The names Ahbe, Jewell, Baldwin and Osborne are littered throughout Australia’s numismatic history for the high calibre coins that each collector had accumulated and owned.
The Osborne collection was liquidated by Noble Auctions in July 1993 offering an almost complete collection of Square Pennies, stunning Holey Dollar and three quality Dumps, top 1930 Penny, Adelaide Pound Type I and Type II and this coin was one of the Dumps.
The quality of this Dump, at Nearly Extremely Fine, places it in the top 5 per cent of surviving Dumps.
Given that there is a pool of approximately 800 Dumps available to collectors, this means that this coin is in the top forty known examples.
But you can start narrowing down the field again once you consider that this Dump was struck using the very rare D/2 dies. One out of every four Dumps were struck using the D/2 dies.
Which means that this coin is in the top ten out of all the known D/2 Dumps.
Over and above its supreme quality, this Dump shows considerable evidence of the design of the original Spanish Dollar from which it was created. (Referred to as the under-type.)
Historians have no doubt that heat was involved in the creation of the Dump. When the disc fell out of the centre of the Spanish Dollar, it still bore the original dollar design of a four quadrant shield, housing a lion and castle in each quadrant. And the shield's cross-bars.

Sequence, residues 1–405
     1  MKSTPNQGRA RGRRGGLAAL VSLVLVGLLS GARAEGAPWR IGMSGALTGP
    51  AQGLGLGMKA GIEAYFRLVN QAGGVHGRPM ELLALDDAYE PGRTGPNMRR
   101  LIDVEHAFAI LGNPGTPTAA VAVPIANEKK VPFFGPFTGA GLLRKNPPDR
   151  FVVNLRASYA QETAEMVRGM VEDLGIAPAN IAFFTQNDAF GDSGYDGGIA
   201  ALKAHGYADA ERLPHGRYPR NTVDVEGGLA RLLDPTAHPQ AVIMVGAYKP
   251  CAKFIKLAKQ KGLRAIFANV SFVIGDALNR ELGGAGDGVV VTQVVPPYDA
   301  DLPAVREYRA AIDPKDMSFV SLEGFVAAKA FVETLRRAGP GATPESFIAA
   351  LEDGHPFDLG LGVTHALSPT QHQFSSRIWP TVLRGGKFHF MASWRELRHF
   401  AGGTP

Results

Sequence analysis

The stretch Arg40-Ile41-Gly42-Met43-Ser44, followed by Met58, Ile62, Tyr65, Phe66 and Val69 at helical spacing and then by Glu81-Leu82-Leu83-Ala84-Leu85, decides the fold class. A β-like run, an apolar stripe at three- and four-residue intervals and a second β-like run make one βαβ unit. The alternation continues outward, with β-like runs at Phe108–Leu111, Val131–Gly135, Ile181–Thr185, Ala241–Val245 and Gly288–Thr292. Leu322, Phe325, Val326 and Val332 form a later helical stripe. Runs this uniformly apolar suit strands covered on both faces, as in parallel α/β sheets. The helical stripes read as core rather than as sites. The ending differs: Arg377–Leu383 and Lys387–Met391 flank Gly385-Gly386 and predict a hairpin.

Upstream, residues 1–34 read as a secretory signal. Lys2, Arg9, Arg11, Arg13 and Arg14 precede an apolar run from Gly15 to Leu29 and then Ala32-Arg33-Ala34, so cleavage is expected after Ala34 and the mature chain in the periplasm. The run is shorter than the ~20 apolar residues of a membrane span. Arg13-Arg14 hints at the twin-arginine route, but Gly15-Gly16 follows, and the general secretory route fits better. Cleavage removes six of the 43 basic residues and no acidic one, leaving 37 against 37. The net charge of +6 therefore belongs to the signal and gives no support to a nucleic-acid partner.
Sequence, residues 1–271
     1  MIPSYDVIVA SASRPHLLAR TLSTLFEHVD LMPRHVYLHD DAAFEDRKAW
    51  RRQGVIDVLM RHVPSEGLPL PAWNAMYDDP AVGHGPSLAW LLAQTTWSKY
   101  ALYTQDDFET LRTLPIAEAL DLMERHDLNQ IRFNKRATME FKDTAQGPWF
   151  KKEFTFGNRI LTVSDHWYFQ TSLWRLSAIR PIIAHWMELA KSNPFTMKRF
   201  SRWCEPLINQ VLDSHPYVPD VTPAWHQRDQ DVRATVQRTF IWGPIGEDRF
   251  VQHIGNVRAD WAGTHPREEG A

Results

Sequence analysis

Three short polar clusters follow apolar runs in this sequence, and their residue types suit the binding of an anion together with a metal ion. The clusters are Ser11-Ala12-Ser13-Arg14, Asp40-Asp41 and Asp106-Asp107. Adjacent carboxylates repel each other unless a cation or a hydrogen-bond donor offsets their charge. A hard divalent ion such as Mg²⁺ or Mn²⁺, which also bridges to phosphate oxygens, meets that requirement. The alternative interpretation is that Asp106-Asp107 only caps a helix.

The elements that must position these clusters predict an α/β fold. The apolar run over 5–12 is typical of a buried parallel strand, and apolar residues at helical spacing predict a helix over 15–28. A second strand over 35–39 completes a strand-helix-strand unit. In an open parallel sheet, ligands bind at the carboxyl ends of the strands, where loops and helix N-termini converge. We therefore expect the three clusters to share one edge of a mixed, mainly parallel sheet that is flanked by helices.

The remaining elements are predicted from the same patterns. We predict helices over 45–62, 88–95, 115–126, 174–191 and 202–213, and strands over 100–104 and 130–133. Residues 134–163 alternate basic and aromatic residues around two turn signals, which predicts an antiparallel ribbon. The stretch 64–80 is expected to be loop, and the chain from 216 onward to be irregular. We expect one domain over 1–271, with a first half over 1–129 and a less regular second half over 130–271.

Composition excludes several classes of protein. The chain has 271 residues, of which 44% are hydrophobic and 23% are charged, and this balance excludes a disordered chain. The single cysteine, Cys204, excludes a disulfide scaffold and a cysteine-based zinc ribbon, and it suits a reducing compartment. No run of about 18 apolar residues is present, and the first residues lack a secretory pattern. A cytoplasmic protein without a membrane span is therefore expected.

High temperatures obliterated the original Spanish Dollar design from most examples. Those Dumps that retain the original dollar design elements are highly prized.
The Holey Dollar and its partner the Dump were struck in 1813 under the directions of Governor Lachlan Macquarie to create a medium of exchange in the cash-starved penal colony of New South Wales.
Macquarie enlisted the services of emancipated convict, William Henshall, to cut a hole in 40,000 Spanish Silver Dollars, creating two coins out of one: a donut shaped piece which became the Holey Dollar and a tiny central disc which became the Dump.
The Dump, the small disc that fell out of the centre of the holed silver dollar, was then over stamped with the date 1813, a crown, New South Wales and the value of fifteen pence.
The buyer that pursues a 'top-quality' Dump will find the task extremely challenging. It can be years before a premium quality example comes onto the market.
The Dump circulated widely in the colony, the extreme wear on most Dumps evidence that they saw considerable use. So, while the Dump may seem the diminutive partner of the Holey Dollar, the reality is top quality Dumps have authority.
Every circulated coin has a grading level at which serious rarity kicks in. That is the point at which the balance between acquiring a coin as a collectible - and as an investment - shifts more towards the latter. For the 1813 Colonial Dump that 'rarity' point is Good Very Fine.
The chart clearly shows that securing a Colonial Dump in a quality level of Good Very Fine or better is a difficult task.
The chart also shows that at a quality level of About Extremely Fine to Extremely Fine you are in 'rarefied air' with very few examples available.